Posts Tagged ‘prisoners’

POWS AND PEARS

December 3, 2011

So often when I’m doing research, I discover a fascinating story that has nothing to do with Highway 99, just that it happened during that time period or maybe near the highwy.
This time the story that got my attention was from Camp White, out of Medford, Oregon, several miles from Highway 99. I had known that most of the troops had trained and left Camp White fairly early in World War II. I had even been aware that German Prisoners of War were held there toward the end of the war. That was all I knew.
Begun as a secret mission, an elaborate plan was launched to reeducate German prisoners held in the United States. The hope was they might be prepared to take part in a different post war Germany.
Seventy U.S. military officers were sent to New York for twelve intense days of clandestine training in the fall of 1944. They were distributed to the 150 camps with 350,000 German prisoners scattered across the United States. Approximately 2000 at Camp White, Oregon.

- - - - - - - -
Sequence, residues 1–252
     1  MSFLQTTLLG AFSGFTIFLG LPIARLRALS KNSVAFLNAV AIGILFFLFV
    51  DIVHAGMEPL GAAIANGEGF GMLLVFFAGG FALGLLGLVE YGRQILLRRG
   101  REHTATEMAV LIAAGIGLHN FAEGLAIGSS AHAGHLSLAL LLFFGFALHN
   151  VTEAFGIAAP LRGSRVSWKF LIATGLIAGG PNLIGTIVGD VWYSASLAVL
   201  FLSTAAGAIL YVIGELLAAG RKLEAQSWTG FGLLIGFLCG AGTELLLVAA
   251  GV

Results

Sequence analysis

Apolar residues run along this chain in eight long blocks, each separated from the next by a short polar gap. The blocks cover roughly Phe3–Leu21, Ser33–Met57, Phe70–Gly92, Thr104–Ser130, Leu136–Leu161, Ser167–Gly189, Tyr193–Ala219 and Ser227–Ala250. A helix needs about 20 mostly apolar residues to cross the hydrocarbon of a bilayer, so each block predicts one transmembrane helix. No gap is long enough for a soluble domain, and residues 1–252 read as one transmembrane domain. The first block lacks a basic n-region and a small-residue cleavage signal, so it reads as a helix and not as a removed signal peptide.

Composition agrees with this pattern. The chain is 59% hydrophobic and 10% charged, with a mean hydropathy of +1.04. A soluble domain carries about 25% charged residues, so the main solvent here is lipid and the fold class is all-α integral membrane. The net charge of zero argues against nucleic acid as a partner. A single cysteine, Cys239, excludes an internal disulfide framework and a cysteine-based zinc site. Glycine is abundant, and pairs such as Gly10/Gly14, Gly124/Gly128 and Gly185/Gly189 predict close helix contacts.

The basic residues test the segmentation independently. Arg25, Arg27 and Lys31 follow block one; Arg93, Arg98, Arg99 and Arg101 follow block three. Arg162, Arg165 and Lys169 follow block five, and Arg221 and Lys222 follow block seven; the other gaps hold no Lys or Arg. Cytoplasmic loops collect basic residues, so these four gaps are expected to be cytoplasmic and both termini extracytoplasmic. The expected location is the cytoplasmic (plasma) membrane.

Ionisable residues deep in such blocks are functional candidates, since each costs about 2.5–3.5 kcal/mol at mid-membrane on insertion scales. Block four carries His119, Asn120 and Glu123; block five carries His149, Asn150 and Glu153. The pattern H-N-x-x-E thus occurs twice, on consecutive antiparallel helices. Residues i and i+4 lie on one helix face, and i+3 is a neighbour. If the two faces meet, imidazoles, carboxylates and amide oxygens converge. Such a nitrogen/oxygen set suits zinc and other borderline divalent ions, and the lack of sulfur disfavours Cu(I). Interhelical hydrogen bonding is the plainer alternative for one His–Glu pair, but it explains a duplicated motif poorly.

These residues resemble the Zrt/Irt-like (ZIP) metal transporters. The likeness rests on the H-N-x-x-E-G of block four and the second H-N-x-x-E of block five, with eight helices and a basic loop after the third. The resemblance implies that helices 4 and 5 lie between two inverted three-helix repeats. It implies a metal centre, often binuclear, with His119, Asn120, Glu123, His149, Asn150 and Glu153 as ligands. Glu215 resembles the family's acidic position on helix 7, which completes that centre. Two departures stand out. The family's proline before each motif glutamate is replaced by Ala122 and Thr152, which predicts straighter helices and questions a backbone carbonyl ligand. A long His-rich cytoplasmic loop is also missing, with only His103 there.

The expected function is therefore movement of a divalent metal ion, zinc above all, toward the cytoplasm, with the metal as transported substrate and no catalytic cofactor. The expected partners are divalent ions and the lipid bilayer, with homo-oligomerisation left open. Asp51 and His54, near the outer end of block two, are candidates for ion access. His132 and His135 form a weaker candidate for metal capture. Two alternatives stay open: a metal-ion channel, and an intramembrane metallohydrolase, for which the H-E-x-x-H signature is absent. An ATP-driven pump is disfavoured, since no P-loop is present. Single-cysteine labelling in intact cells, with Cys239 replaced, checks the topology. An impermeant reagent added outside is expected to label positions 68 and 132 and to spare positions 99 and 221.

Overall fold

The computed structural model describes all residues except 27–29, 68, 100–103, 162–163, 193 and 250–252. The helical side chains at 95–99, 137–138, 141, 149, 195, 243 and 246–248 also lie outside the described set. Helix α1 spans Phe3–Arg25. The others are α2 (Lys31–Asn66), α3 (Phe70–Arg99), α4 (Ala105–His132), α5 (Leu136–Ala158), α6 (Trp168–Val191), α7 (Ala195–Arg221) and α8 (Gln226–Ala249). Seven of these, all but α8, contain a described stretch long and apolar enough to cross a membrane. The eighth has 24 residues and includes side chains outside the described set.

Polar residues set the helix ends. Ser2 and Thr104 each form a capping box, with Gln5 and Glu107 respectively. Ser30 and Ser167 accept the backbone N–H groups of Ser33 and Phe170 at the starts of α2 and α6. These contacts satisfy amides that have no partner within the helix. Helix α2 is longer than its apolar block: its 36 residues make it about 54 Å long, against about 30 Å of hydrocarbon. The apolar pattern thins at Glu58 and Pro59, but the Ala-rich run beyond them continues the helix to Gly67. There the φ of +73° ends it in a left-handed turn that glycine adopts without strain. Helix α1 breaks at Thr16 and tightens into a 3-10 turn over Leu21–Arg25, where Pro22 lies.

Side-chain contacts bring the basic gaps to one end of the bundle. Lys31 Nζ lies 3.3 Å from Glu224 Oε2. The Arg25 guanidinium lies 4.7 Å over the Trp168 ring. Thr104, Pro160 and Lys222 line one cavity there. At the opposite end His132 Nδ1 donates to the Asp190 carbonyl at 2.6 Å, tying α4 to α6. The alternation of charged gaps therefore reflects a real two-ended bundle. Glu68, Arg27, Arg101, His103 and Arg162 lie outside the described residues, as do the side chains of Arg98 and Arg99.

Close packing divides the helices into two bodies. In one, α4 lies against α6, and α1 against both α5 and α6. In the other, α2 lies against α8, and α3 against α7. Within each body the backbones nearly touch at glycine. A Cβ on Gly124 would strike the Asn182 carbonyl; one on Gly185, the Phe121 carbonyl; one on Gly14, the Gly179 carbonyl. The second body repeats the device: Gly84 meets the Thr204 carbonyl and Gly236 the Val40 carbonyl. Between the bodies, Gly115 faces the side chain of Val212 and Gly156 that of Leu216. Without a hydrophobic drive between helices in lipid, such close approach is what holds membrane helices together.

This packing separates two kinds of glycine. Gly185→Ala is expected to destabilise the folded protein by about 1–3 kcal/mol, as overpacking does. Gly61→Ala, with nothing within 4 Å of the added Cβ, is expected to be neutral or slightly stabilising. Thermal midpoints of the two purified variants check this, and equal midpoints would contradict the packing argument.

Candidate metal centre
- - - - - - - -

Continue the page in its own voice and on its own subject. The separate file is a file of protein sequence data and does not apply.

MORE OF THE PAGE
English language, American history and civics classes were offered. Not greatly successful early on but Frank Capra’s Hollywood produced series, Why We Fight was translated into German and caught the interest of many.
The prisoners were allowed access to a well stocked library without restrictions, they had radios which were kept repaired and uncensored. A few took correspondence courses through the University of Oregon. Life magazine and others were available and the Oregonian newspaper had 100 personal subscriptions while another 50 copies were made available for general distribution.
Prisoners were allowed to work if they wished as long as it didn’t aid the war effort. The prisoners would be paid 80 cents a day for labor. The pear orchards of Southern Oregon and fields of Northern California were a popular diversion for Camp WhitePOWs.
Longer-range strategies enabled prisoners to print their own uncensored news magazine and freely elect their own spokesman to deal with their American jailers. Some of the classes were taught by the POWs themselves.
Both American and Swiss representatives visited Camp White and filed written reports on prisoner treatment, specifically addressing the “Intellectual Diversion Program.”
The Camp White German prisoners of war, finally repatriated in the spring of 1946, by rail and then by ship back to Germany. “What a far cry from what happens now.” These are excerpts from SOUTHERN OREGON HERITAGE TODAY,The Magazine of the Southern Oregon Historical Society, Vol 8, No.2 Spring 2006 p.18,19

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